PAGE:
Victoria Park, London

No matter how many festivals you’ve been to, it’s easy to forget that binbags won’t protect you from the torrential rain, and that trainers can’t save your feet from being consumed by the ground’s swampy, Red Stripe-soaked quagmires.

But Field Day is an inner-city festival, one where you feel safe in the knowledge that the party will continue in the confines of a pub, a club, or someone’s living room. So in this context, after the festival suffered from bad weather for the first time in a few years, sliding around in the mud just felt like part of the fun.

After a particularly unforgiving downpour on Saturday, the sun peers out for a couple of hours at around half four, reviving spirits just in time for Motor City Drum Ensemble’s set on the Bugged Out stage. With a habit of building up his soulful selections towards big disco drops, Danilo Plessow has forged a career as a crowd-pleasing, but credible party DJ. The Black Madonna’s entrance to the stage is met with loud cheers from the crowd, and although everyone’s footwear looks fucked beyond repair by this point, it seems like Field Day is winning.

The mythologised Ghanian artist Yaw Atta-Owusu gets a deservedly warm welcome for what’s his second ever live show as Ata Kak. A huge inspiration for Brian Shimkovitz’ Awesome Tapes From Africa project, there’s been a long, globe-trotting mission behind the re-release of Ata Kak’s excellent 1993 album and making this tour happen. Here, the original songs’ lo-fi backing tracks are fleshed out with a live band. And although Atta-Oswusu’s hyperactive vocals don’t sound quite as elastic as they do on those old recordings, his excitement is contagious, and he hypes the crowd with his classy showmanship.

While Skepta often bases festival setlists around his well-known songs, allowing the crowd to shout the punchlines of his bars for him, Novelist’s performance later on Saturday night is closer to the essence of grime’s club-based roots. Backed by Grandmixxer’s raw and fluid selections, the Lewisham MC delivers with ferocity, precision and the sense spontaneity that separates grime from hip-hop. An increasingly politicised artist, Nov’s “fuck David Cameron” chant drives the crowd to fever pitch. “If you’re voting to leave the EU, suck your mum,” he declares, scooping up the award for the best stage banter of the weekend. With a huge crowd over the RA tent, Bicep then perform live in London for the first time ever. Musically, it’s main-room vibes from the off, with a tougher techno-edge and a faster pace than usual. And by the time they drop Just, the crowd’s inhibitions have been lost.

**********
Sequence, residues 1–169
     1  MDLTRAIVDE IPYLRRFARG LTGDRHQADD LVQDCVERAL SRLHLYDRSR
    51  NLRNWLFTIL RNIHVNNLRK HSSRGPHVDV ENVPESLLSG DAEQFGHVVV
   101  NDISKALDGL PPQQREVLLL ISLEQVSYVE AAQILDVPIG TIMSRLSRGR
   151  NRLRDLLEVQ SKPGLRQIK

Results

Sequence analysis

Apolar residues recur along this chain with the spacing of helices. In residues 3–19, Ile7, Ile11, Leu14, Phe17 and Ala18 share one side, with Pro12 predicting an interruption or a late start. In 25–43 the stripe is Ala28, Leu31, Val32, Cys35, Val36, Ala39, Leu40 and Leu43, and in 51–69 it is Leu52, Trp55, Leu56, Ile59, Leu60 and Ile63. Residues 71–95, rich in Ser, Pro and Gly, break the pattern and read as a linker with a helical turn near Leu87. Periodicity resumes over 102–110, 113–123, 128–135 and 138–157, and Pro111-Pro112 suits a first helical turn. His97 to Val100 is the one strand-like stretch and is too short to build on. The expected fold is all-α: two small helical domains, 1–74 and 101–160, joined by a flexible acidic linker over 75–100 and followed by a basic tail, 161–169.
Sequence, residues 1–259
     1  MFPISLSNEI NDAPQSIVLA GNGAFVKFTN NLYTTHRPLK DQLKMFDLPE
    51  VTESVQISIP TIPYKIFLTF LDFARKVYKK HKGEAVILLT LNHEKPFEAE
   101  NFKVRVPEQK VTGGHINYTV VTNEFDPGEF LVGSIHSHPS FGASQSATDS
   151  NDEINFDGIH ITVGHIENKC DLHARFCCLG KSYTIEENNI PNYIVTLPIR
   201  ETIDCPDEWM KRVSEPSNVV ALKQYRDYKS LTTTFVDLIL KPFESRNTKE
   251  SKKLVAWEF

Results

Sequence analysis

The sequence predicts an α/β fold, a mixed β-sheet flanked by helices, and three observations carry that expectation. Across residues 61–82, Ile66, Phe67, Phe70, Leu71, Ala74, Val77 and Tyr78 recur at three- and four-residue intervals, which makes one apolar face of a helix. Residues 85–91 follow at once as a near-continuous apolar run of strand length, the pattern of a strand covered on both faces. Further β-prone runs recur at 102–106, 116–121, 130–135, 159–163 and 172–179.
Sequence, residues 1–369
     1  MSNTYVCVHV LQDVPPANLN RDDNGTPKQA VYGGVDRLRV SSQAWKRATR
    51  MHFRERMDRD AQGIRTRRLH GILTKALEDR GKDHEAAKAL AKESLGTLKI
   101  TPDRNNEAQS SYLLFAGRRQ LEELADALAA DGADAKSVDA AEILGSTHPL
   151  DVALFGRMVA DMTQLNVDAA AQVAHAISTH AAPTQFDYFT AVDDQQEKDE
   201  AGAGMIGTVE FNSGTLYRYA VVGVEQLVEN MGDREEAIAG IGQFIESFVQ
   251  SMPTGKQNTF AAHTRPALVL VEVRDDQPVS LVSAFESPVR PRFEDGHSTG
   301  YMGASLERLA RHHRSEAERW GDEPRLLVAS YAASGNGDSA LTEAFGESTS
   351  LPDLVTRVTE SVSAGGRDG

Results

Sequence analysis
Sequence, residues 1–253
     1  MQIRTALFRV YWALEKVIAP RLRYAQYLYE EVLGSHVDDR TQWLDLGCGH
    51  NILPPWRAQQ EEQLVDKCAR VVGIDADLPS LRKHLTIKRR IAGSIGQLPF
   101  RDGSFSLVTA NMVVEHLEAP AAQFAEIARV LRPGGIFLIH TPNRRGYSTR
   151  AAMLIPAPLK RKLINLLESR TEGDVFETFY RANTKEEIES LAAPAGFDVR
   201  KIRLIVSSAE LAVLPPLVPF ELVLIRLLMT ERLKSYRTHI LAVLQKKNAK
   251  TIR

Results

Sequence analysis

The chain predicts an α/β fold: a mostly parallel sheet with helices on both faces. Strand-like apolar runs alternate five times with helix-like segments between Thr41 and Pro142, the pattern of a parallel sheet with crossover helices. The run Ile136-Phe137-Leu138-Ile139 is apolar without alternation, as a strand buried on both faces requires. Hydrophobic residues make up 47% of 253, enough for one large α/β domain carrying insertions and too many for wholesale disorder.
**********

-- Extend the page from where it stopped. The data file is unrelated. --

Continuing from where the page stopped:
Despite Field Day’s shift in pace from Saturday’s rampancy to a traditionally more relaxed atmosphere on the Sunday, the weekend’s wetness remains constant. But while there’s mud flecked over the bare legs of the ill-prepared, the mood for those in attendance for Moxie’s early afternoon DJ set is far from dampened. Optimistically sporting wayfarer sunglasses, she breezes through brawny disco, techno and sun-summoning house while Fat White Family’s grubby nihilism perves its way through the sweaty atmosphere in the Shacklewell Arms tent. With the London band’s barbarous, almost fatalistic onstage delivery, frontman Lias Saoudi unnervingly peels away one item of clothing at a time. For an act doggedly celebrated for suspending themselves too close on to edge of total disorder, they’re somehow militantly tight.

Anton Newcombe’s previous experience with the edge of disorder has also been heavily documented, but as Brian Jonestown Massacre take to the main stage, all the self-destructive unbalance of previous outings seem replaced by gratitude and affection. Other than the pretty witless moment where Newcombe insists for his audience to chant “pigfucker” in order to alleviate him from a bad mood, the band charm with their shimmering psychedelic rock. The Avalanches might potentially be the most contentious addition to Field Day’s bill. With outrageous levels of hype reached ahead of their comeback, their set is unfortunately strung together with shambolic beat matching and mediocre dance material. A lot of people can be seen leaving less than halfway through.

PJ Harvey’s greyscale, full marching band bombast isn’t just an apt way to close the festival, but a complete affirmation of her role as an iconic performer. Silent for the most part, the rich thematic darkness to her songs is constantly arresting. She’s operating on another plain this evening. The songs of The Hope Six Demolition Project sounded slightly stunted on record, but here, the punch of the marching band drums and a brass section is much stronger in the live setting. The three tracks Harvey performs from Let England Shake, especially the incredibly moving This Glorious Land, feel fresh and thematically relevant in the new setlist. Harvey and her band perform a two song encore, but it’s the final, chanted lines of initial set-closer River Anacostia (“Wade in the water, God’s gonna trouble the water”) that ring in our heads as the huge crowd vacates Victoria Park and spills out onto the streets of London. Another classic Field Day finale.

Words: Davy Reed, Tom Watson + Thomas Frost